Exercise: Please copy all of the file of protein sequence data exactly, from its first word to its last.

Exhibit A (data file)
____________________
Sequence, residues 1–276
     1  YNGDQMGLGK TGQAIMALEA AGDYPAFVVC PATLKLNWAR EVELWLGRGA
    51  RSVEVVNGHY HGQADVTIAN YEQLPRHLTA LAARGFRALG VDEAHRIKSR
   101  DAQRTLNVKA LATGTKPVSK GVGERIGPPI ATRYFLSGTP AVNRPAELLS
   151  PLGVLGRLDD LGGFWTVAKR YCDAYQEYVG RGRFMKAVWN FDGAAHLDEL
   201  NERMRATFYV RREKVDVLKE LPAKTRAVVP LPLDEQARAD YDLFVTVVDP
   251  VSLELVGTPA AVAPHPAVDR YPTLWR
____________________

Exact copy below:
Sequence, residues 1–276
     1  YNGDQMGLGK TGQAIMALEA AGDYPAFVVC PATLKLNWAR EVELWLGRGA
    51  RSVEVVNGHY HGQADVTIAN YEQLPRHLTA LAARGFRALG VDEAHRIKSR
   101  DAQRTLNVKA LATGTKPVSK GVGERIGPPI ATRYFLSGTP AVNRPAELLS
   151  PLGVLGRLDD LGGFWTVAKR YCDAYQEYVG RGRFMKAVWN FDGAAHLDEL
   201  NERMRATFYV RREKVDVLKE LPAKTRAVVP LPLDEQARAD YDLFVTVVDP
   251  VSLELVGTPA AVAPHPAVDR YPTLWR